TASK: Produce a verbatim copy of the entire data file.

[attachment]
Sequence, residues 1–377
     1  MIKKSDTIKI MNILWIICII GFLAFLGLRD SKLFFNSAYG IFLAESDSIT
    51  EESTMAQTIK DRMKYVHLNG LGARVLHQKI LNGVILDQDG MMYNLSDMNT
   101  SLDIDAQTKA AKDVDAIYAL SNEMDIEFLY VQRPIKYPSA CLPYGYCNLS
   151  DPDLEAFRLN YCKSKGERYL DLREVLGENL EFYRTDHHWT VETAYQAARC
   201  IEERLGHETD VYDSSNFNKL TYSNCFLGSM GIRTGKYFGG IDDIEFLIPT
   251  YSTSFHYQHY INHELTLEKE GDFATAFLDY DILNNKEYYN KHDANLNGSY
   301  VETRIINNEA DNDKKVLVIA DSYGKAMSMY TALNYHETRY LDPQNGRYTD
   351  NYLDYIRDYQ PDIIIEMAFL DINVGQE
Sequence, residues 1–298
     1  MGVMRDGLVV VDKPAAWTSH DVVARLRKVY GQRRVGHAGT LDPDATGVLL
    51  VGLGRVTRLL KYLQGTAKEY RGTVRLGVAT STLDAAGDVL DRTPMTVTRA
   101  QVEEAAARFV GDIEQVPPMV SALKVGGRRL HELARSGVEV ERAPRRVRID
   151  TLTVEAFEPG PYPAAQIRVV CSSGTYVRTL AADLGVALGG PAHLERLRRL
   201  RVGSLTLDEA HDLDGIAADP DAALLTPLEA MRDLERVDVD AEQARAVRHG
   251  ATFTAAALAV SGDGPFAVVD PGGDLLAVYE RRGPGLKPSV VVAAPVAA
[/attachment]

Sequence, residues 1–377
     1  MIKKSDTIKI MNILWIICII GFLAFLGLRD SKLFFNSAYG IFLAESDSIT
    51  EESTMAQTIK DRMKYVHLNG LGARVLHQKI LNGVILDQDG MMYNLSDMNT
   101  SLDIDAQTKA AKDVDAIYAL SNEMDIEFLY VQRPIKYPSA CLPYGYCNLS
   151  DPDLEAFRLN YCKSKGERYL DLREVLGENL EFYRTDHHWT VETAYQAARC
   201  IEERLGHETD VYDSSNFNKL TYSNCFLGSM GIRTGKYFGG IDDIEFLIPT
   251  YSTSFHYQHY INHELTLEKE GDFATAFLDY DILNNKEYYN KHDANLNGSY
   301  VETRIINNEA DNDKKVLVIA DSYGKAMSMY TALNYHETRY LDPQNGRYTD
   351  NYLDYIRDYQ PDIIIEMAFL DINVGQE
Sequence, residues 1–298
     1  MGVMRDGLVV VDKPAAWTSH DVVARLRKVY GQRRVGHAGT LDPDATGVLL
    51  VGLGRVTRLL KYLQGTAKEY RGTVRLGVAT STLDAAGDVL DRTPMTVTRA
   101  QVEEAAARFV GDIEQVPPMV SALKVGGRRL HELARSGVEV ERAPRRVRID
   151  TLTVEAFEPG PYPAAQIRVV CSSGTYVRTL AADLGVALGG PAHLERLRRL
   201  RVGSLTLDEA HDLDGIAADP DAALLTPLEA MRDLERVDVD AEQARAVRHG
   251  ATFTAAALAV SGDGPFAVVD PGGDLLAVYE RRGPGLKPSV VVAAPVAA